The Ohio State University has conducted a study testing the ability of high-tech objects that look like artificial trees to generate renewable power. In the recent issue of Journal of Sound and Vibration, the researchers reported that they discovered new properties in the vibrations that pass through a shaken tree-shaped object.
Ryan Harne, the project leader, started this research when he was completing his post-doctoral research at the University of Michigan. He continued this research at Ohio State University, where he is an assistant professor of mechanical and aerospace engineering and the director of the Laboratory of Sound and Vibration Research. Anqi Sun and Kon-Well Wang of the Department of Mechanical Engineering worked with Harne to continue this research and test the project.
Power Generating Vibrations
The researchers revealed that a tree-shaped structure manufactured from electromechanical materials has the ability to convert wind into strong vibrations ideal for power generation.
The researchers built a mock mechanical tree made with steel beams connected through a narrow piece of electromechanical material, polyvinylidene fluoride (PVDF). Then they started shaking the “tree” with a small amount of force from one device. They discovered that the vibrations in this process are at a high frequency and generate a minute amount of power. When the team added more force and noise to shake the “tree”, they discovered that this added force pushes the “tree” to go beyond its tipping point, producing vibrations with lower frequency – a frequency level more ideal for electricity generation.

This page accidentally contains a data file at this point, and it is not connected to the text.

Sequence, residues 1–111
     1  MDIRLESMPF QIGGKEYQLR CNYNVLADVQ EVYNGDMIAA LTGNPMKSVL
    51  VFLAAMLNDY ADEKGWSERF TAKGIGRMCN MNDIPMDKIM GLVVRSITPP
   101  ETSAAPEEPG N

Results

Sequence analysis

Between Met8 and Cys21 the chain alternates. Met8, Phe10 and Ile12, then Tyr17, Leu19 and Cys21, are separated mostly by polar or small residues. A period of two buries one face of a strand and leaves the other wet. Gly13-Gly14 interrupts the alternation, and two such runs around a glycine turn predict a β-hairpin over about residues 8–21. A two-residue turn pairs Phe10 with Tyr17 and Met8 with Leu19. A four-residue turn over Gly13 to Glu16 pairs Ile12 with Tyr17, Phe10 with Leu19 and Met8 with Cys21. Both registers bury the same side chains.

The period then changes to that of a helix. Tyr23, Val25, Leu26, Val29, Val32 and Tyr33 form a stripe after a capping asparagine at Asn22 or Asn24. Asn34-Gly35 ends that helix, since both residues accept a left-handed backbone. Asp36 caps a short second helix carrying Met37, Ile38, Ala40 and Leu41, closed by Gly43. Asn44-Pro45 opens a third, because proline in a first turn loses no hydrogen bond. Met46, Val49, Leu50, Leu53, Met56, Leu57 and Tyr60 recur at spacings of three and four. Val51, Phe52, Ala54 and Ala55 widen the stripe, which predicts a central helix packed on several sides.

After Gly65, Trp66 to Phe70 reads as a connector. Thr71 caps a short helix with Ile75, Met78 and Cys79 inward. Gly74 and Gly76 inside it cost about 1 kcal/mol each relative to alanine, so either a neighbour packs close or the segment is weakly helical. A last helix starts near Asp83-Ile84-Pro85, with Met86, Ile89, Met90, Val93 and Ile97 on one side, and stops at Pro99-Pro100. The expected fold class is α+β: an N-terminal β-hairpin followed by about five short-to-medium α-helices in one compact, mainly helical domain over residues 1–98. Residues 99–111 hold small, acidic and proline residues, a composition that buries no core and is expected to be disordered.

Harne stated that this technology might be more valuable in small-scale applications or in places where windmills and solar panels are not applicable. The “trees” are simple structures with just a trunk, a few branches and no leaves. While windmills require to be put in wide open spaces, these mechanical trees are suitable in metropolitan areas, alongside bridges, and even on top of skyscrapers.
The project wants to take advantage of the amount of vibration energy from the surroundings. “Buildings sway ever so slightly in the wind, bridges oscillate when we drive on them, and car suspensions absorb bumps in the road. In fact, there’s a massive amount of kinetic energy associated with those motions that is otherwise lost. We want to recover and recycle some of that energy,” Harne said.
Even though the model and the devices were already tested, Harne, together with his colleagues, will continue to improve this project. However, the implementation of this technology lies in the hand of the government.